FIND A DOCTOR

and how to find a good one

FIND A DOCTOR

and how to find a good one

We certainly understand how difficult it can be to find a doctor that you feel understands you and listens to you, let alone is capable of treating a very rare disease. But please believe us when we say that there are countless doctors out there who are fully ready and willing to provide you with the best medical care possible! After all, the principles of good medicine are the same whether you’re treating a cold, cancer, or Dercum’s Disease.

In this section we’ll do our best to help provide basic advice about how to find the best doctor possible to help steer you through the diagnostic process and perhaps ultimately help you achieve the best quality of life as a Dercum’s patient.

We’ll start with the best advice we can possibly offer.

If not an expert, how do I find a good doctor?

Find a Doctor this happy to learn (photo of a smiling kid on Christmas)
A happy doctor

A naturally inquisitive doctor is more likely to be equally inquisitive about tracking down the underlying cause of your illness

In our experience, the best doctors on the planet are those that are so excited to learn things new that they look like a kid on Christmas morning. Their curiosity drives them. That curiosity is more often than not paired with a deep passion for improving the lives of others. Those two traits tend to propel medical students to the tops of their class and doctors to the top of their field. The glee of learning new things is an instantly recognizable sign of a compassionate, patient-centered doctor.

How do you look for it? Easy. Visit our Articles section and print out at least one of the modern articles listed there. We recommend the first one listed, as it’s the most complete introduction to Dercum’s Disease. Take a copy of that article with you to every doctor’s appointment. When you meet a new doctor – with a great deal of kindness, patience, and humility on your part – politely ask them if they might be interested in reading a medical journal article about a rare disease you’d heard about and causes you some concern. Be sure to include the words “medical journal article” – that will show them that you share a mutual respect for medical science and the peer review process. That’s very important! It’s a sign to them that the information is verified and can be trusted for its safety and efficacy.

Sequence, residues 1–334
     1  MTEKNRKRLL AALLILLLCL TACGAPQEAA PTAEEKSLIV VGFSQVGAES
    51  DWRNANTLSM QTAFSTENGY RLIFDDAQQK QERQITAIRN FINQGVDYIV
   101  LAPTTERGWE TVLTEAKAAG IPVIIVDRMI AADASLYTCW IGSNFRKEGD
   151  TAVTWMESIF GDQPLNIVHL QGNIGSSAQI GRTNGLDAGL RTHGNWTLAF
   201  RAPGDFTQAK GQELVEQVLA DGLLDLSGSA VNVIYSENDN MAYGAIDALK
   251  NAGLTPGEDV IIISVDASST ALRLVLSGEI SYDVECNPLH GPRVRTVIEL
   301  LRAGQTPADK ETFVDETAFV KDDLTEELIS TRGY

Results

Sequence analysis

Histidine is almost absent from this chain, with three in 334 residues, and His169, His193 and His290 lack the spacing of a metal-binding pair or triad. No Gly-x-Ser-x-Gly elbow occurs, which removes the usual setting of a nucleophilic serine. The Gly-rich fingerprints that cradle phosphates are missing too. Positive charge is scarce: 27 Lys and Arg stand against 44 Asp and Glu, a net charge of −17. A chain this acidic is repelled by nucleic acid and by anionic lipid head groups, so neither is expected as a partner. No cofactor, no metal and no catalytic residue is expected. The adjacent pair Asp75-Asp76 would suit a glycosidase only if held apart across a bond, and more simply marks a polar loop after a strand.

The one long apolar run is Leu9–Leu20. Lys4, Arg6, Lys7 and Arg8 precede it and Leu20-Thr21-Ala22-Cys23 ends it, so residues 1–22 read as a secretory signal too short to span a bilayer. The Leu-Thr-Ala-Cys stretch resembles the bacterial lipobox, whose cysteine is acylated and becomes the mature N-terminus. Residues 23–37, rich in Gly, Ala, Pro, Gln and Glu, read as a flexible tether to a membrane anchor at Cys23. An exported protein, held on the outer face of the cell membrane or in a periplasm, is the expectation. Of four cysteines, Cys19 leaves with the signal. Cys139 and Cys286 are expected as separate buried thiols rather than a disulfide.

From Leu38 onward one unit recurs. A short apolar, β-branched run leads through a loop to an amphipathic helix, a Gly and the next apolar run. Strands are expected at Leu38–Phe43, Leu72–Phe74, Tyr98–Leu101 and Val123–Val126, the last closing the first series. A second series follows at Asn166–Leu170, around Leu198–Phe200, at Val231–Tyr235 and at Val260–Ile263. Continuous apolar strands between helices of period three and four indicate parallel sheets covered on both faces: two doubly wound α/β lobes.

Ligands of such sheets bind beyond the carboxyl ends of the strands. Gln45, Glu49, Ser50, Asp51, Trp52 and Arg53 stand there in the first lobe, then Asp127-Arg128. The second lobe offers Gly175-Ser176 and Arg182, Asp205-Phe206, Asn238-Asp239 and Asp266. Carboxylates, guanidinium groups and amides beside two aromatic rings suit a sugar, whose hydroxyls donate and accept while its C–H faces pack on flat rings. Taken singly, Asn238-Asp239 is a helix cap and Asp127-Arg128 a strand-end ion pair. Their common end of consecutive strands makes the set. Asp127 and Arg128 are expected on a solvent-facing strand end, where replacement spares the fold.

If the doctor’s face instantly lights up and they’re eager to read it, you’ll know you’ve found a gem of a doctor. If they show a smile and accept the opportunity, you’ll know they’re a good doctor.

Alternatively, if they react with an attitude that they know everything there is to know, then that doctor probably isn’t the one for you. A true scientist keeps an open mind, allowing them to constantly challenge themselves. That open mind also tends to lend itself toward a more willing listener and a more empathetic heart. All good traits we all want to find in our doctors.

If you’ve found that eagerness of a kid on Christmas, you’ve found the perfect partner in your medical care. Soon enough both of you will be the best expert you could ever ask for – an expert in you.

Photo of adorable little boy above by Gary Simmons. Thanks for sharing your work through Creative Commons!

Additional Advice

Additional Advice

  • Look for local magazines/newspapers. Many will do a yearly list of highly recommended doctors.
  • Know a specialist or pharmacist you already like? Ask them for a referral!
  • If you have any friends in the area who also have complicated health issues – even if they’re totally different than yours – ask them for referrals too.
  • If you live anywhere near a university with a hospital, call them. University hospitals frequently attract doctors who tend to be interested in learning new things & more often see unusual cases.

Good luck & happy doctor hunting!

Specialists

Get additional information about the kinds of specialists your primary care provider might send you to during the diagnostic process for Dercum’s Disease.

Learn More